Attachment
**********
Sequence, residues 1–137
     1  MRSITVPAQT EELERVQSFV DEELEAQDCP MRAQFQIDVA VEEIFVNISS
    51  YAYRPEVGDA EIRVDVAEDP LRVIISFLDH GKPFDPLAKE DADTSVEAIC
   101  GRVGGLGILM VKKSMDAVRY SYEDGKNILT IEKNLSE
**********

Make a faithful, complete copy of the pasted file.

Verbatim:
Sequence, residues 1–137
     1  MRSITVPAQT EELERVQSFV DEELEAQDCP MRAQFQIDVA VEEIFVNISS
    51  YAYRPEVGDA EIRVDVAEDP LRVIISFLDH GKPFDPLAKE DADTSVEAIC
   101  GRVGGLGILM VKKSMDAVRY SYEDGKNILT IEKNLSE